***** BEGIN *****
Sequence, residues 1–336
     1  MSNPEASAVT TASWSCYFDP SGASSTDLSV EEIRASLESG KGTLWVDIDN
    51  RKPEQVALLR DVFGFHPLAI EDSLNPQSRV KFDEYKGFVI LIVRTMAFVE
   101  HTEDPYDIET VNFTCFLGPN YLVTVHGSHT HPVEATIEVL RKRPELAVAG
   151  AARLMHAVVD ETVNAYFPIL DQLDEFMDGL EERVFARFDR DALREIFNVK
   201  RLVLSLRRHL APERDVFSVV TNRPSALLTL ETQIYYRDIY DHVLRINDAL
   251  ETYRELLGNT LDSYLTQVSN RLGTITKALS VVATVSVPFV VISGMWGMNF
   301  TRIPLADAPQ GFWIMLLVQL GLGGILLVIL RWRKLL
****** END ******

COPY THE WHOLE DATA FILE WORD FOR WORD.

Sequence, residues 1–336
     1  MSNPEASAVT TASWSCYFDP SGASSTDLSV EEIRASLESG KGTLWVDIDN
    51  RKPEQVALLR DVFGFHPLAI EDSLNPQSRV KFDEYKGFVI LIVRTMAFVE
   101  HTEDPYDIET VNFTCFLGPN YLVTVHGSHT HPVEATIEVL RKRPELAVAG
   151  AARLMHAVVD ETVNAYFPIL DQLDEFMDGL EERVFARFDR DALREIFNVK
   201  RLVLSLRRHL APERDVFSVV TNRPSALLTL ETQIYYRDIY DHVLRINDAL
   251  ETYRELLGNT LDSYLTQVSN RLGTITKALS VVATVSVPFV VISGMWGMNF
   301  TRIPLADAPQ GFWIMLLVQL GLGGILLVIL RWRKLL